Virginia Lim, Senior Vice President and General Manager, Sony Pictures Television Networks, Asia


Interview: Bag of Tricks

Sony Pictures Television Networks’ new Asia boss, Virginia Lim, is as tough as the environment she faces and a lot more straight talking. As she settles into a different role, Lim talks about shifting acquisitions habits, original production and other assets in her bag of tricks. 


Sony Pictures Television Networks’ new Asia boss, Virginia Lim, along with everyone else in the space, faces the toughest subscription video environment anyone can remember in Asia. No-growth is, at best, the new normal in the linear pay-TV environment. Affiliate revenue is flat at best, and if there are any increases, they come with a big basket of new asks. Regional advertising budgets are ghosts of their former selves – and they were never that brilliant to begin with. “Digital” is less shiny than the original hope. In Singapore’s domestic ‘Singlish’ dialect, the question now is, “So how?” 

Lim’s bag of tricks right now includes top English-language general entertainment channel, the 20-year-old AXN, along with the region’s top Asian channel, Korean service ONE. ONE was the number-one Korean channel in Southeast Asia in 2017 with a 54% share of the Korean channels in Malaysia and a 39% share in Singapore*. 

There’s also English-language female-focused Sony Channel, and GEM, a joint-venture Asian channel with Japan’s Nippon Television now available in seven Southeast Asian markets. Among other firsts, GEM was the first regional entertainment channel to offer day-and-date Japanese series outside of Japan. 

Newly appointed as senior vice president and general manager for Sony Pictures Television (SPT) Networks Asia, Lim has already made her mark for pushing a high-impact originals slate at a time where rivals have walked back spend and are tiptoeing forward.

Last year, she green lit season two of FremantleMedia talent show Asia’s Got Talent; season three is in pre-production (no details yet). The year before belonged to The Amazing Race Asia season five, which was the second show on the channel for the year behind CBS’ reboot of MacGyver. New seasons of both original series are being considered.    

Lim is also steering Sony’s acquisitions into a new direction, still anchoring the English-language entertainment schedule in first-run titles such as MacGyver 2, Quantico 3 and The Blacklist 5, but also allocating a larger portion of her programming budget to high-impact shows with a live component. 

So far, SPT Nets has picked up rights left on the table after RTL and CBS sold their Asia joint venture, RTL CBS Entertainment Networks, to Blue Ant Media in 2017. Shifting to SPT Networks from this year are FremantleMedia’s America’s Got Talent, Britain’s Got Talent and American Idol. Britain’s Got Talent premieres on AXN this month, followed by America’s Got Talent in May. American Idol airs on Sony Channel on the same day as the U.S.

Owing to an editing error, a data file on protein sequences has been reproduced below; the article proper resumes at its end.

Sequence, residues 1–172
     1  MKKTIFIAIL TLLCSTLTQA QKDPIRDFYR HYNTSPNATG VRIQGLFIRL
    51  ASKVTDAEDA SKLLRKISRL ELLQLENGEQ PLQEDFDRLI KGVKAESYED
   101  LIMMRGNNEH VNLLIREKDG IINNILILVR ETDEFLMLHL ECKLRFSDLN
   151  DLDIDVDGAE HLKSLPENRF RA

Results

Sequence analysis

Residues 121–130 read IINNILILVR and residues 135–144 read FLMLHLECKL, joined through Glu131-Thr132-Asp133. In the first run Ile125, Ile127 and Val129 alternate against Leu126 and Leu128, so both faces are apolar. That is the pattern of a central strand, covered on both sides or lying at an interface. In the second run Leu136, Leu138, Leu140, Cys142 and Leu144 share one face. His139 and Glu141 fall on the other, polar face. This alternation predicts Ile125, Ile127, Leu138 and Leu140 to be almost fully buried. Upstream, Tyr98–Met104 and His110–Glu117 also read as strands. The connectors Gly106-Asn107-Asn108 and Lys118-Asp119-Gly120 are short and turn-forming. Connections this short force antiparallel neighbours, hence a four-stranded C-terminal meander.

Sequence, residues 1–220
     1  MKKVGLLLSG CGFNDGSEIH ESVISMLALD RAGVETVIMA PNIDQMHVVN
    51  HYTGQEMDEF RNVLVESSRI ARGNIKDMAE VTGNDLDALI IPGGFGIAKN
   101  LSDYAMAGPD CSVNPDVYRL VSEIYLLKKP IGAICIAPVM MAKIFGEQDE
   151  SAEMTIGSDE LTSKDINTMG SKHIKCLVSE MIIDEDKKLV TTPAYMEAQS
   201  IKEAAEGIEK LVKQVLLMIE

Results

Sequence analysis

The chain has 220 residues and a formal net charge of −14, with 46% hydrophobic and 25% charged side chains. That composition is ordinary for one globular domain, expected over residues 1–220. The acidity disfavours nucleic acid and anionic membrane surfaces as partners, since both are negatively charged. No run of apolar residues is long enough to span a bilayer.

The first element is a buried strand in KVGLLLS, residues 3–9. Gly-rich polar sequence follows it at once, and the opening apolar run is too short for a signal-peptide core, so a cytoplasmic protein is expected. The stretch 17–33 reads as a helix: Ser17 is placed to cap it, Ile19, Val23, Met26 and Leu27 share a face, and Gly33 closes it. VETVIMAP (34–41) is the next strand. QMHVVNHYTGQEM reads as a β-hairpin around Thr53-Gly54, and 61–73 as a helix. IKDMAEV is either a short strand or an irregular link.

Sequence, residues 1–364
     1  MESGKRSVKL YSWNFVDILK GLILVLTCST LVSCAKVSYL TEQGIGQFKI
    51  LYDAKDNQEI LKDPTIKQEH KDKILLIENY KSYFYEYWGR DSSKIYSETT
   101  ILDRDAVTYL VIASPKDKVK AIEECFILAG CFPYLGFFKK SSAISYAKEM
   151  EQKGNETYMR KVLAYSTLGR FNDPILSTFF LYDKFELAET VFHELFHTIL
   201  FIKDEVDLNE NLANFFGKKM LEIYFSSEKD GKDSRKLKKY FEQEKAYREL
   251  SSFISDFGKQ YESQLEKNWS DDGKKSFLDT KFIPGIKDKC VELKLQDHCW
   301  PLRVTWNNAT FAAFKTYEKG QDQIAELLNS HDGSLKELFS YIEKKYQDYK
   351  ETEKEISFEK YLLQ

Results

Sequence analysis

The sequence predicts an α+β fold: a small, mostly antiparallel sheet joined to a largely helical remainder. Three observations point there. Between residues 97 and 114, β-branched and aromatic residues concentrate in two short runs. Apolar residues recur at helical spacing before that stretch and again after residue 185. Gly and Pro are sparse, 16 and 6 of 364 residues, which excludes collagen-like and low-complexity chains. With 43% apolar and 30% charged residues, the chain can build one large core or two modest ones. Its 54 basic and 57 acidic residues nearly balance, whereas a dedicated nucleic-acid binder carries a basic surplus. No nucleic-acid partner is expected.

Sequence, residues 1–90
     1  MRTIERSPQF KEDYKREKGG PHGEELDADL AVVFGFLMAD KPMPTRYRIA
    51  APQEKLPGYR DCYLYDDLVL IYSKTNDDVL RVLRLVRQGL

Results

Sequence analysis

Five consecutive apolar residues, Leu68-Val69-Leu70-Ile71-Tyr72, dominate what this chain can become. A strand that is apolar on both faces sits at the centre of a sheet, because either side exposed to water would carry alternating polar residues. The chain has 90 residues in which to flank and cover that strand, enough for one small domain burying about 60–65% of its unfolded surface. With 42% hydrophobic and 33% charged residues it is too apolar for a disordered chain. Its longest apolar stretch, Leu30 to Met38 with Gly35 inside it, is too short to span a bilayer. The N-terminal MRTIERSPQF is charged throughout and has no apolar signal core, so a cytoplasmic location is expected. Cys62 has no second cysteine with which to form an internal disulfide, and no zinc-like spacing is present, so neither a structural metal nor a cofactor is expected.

Real originals (as opposed to streaming originals that are high-priced acquisitions) include The Elements: Cosentino with Australian illusionist/escapologist/magician, Cosentino. The four-part series, which premiered in January 2018, was filmed in Singapore, Malaysia, the Philippines and Taiwan. Cosentino’s return to AXN is being discussed. 

“We continue to rely on Hollywood content to provide a core programming grid,” Lim says. But, with so much of the same content widely available across other platforms, “we have to change, we have to find our differentiator”. 

“I wouldn’t say we are buying less. What we are trying to do is strike a balance between top Hollywood series and original content creation,” she adds. 

“At the same time when we evaluate our content acquisition strategy, we also focus on individual markets, and then you start looking at what actually rates, what viewers really want. Sometimes what the viewers really want may not be that biggest Hollywood series. It varies from market to market.” 

Never as urgent as now, the drive towards differentiators has also taken Sony into market-specific originals such as crowd-sourced travel series, Adventure Your Way, for the Philippines.    

Lim calls Asia’s Got Talent a “no brainer”, despite all the budget busting that went on for season one. Season two, in which she was directly involved for the first time, operated with some of the same people but under a completely different structure – and with a lower budget. 

“Season one was good for us as a network all round. Ratings were great and we set a new benchmark for original production in this part of the world,” Lim says.

For season two, “we had to think about how to do it better, with less money, of course. That’s always the big question: how do you make it so that it makes financial sense. It’s a really expensive production.”   

The second season was always a case of when rather than if. Lots of things have changed, Lim says, but there “was never a moment when we thought that we would not want to bring it back. We were just thinking of bringing it back in a better way”.

 There’s also the possibility of rolling out Sony’s U.S.-based Crackle on-demand streaming platform in Asia. This will, if it happens, extend the company’s streaming presence beyond its investment in the Singtel-led HOOQ joint venture with Warner Bros, and the Animax on-demand platform in Japan and Korea. Will Sony go for the bank-breaking effort involved? That’s a question for another day.